Thursday 22 June
Yesterday I was asked to be a late replacement as a speaker at a conference in Edinburgh scheduled for today. At my age, it is encouraging to know that I am still worthy of a place on the substitutes' bench, so I was pleased to accept, especially as the event was on a topic I knew something about (a requirement that I have not always fulfilled in the past).
It necessitated an early start – the 7.06 train from my local railway station on the south side of Glasgow, followed by the 7.45 from Queen Street. I was soon reminded of how uncomfortable daily commuting can be. The train to Edinburgh was packed, with standing room only. Passengers were informed that this was because of an earlier, unspecified technical fault, which meant that there were only three carriages instead of the usual six. I had to stand as far as Polmont, where a seat became vacant. A polite young man, who could easily have nabbed the seat for himself, indicated that I should take it and I was grateful to do so. With the press of bodies, the carriage remained disagreeably warm but at least the train arrived on time at Waverley. A brisk walk took me to the venue, the Royal College of Surgeons on Nicolson Street, with a few minutes to spare.
The conference was of political interest, so two MSPs acted as chairs: James Dornan (SNP), convener of the education and skills committee, and Elizabeth Smith (Conservative), shadow cabinet secretary for education and skills. A large cast of speakers led me to fear that keeping to the timetable might be a problem, but a system of yellow and red cards was used to discourage those who might be inclined to ramble on. My own contribution was soon over, without the audience turning into a lynch mob, and I was able to enjoy the discussion that followed. Later I caught up with a few former colleagues and a couple of gentlemen of the press.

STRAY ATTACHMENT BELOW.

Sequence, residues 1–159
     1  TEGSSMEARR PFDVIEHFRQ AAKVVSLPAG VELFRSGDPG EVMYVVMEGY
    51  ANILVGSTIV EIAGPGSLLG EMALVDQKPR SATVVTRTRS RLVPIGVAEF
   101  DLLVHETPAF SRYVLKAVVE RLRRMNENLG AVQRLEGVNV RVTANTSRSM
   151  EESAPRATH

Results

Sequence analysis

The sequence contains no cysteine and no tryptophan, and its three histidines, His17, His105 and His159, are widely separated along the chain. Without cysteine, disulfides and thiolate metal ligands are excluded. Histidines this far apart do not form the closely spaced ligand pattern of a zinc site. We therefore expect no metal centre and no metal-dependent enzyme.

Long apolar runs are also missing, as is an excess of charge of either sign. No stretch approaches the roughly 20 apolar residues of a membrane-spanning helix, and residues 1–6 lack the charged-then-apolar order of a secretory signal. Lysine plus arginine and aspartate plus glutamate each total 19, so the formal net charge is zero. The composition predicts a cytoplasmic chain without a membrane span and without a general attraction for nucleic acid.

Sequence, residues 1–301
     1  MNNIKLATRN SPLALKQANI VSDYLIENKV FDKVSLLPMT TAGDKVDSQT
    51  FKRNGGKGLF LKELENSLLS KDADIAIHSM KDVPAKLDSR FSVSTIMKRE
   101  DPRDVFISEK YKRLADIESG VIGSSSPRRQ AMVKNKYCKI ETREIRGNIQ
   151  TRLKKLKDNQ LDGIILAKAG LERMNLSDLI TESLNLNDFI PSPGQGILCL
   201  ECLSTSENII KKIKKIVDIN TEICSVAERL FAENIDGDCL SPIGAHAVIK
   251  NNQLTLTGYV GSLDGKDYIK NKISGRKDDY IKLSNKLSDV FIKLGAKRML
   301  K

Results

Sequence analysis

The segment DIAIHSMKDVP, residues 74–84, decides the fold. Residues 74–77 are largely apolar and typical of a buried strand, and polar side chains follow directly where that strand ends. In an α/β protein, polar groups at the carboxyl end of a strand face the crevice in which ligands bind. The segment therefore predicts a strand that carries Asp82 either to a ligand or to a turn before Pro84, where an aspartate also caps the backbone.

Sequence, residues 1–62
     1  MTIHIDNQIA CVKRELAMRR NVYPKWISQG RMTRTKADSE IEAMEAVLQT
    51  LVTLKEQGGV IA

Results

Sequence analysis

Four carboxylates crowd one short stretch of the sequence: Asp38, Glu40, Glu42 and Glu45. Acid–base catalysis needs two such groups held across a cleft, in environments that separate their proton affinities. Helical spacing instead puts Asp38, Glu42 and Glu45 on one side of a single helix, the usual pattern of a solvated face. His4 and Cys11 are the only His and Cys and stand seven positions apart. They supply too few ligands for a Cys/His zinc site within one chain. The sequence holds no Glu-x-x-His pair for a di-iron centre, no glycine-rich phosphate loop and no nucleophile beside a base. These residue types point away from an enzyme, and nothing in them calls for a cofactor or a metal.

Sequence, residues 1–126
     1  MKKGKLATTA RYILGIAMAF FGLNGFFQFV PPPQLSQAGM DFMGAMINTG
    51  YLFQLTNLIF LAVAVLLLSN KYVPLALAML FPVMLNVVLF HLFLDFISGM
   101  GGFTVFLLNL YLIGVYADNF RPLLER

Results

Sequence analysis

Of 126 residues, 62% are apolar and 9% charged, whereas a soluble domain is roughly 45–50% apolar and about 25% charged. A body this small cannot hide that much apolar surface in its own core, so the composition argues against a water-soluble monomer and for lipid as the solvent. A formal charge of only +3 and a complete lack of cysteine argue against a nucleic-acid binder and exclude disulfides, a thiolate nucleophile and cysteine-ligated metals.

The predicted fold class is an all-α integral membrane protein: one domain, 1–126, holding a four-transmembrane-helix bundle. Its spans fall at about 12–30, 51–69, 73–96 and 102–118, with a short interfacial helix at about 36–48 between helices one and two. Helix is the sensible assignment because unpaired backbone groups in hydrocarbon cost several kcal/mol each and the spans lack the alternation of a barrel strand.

Afterwards, I reflected on the possibility that there might have been another explanation for my invitation. I wondered if it was an example of 'care in the community', with the organisers thinking that I was a poor old soul who needed a day out. There are some things it is best not to dwell on, so I quickly erased that thought from my consciousness.
Friday 23 June
The combination of deafening music, large crowds, recreational drugs and primitive toilet facilities is not appealing, so I shall not be attending the Glastonbury festival. An additional disincentive this year is the risk of bumping into Ed Balls and his wife Yvette Cooper in the queue for the showers (not to mention the resistible prospect of a harangue from Jeremy Corbyn). Mr Balls seems intent on rebranding himself as a 'celebrity' after his plucky performance on last year's 'Strictly Come Dancing'. Whether 'celebrity' is an improvement on 'failed politician' is open to question.
As an alternative to Glastonbury, I could spend a day at Royal Ascot. I have been known to place the occasional bet and I am sure I would enjoy watching the horses being put through their paces. Once again, however, it is the people who would present the main problem. All those plutocrats with their string of thoroughbreds and retinue of toadies would offer a very distasteful spectacle. Then there is the absurd dress code in the royal enclosure, where some of the spectators would look more comfortable in a pair of dungarees mucking out the stables.
On reflection, therefore, I have decided to spend a quiet day at home, with a good book and a nice pot of Assam tea. If I feel particularly self-indulgent, I may allow myself a slice of Victoria sponge. Sometimes there are just no limits to my decadence.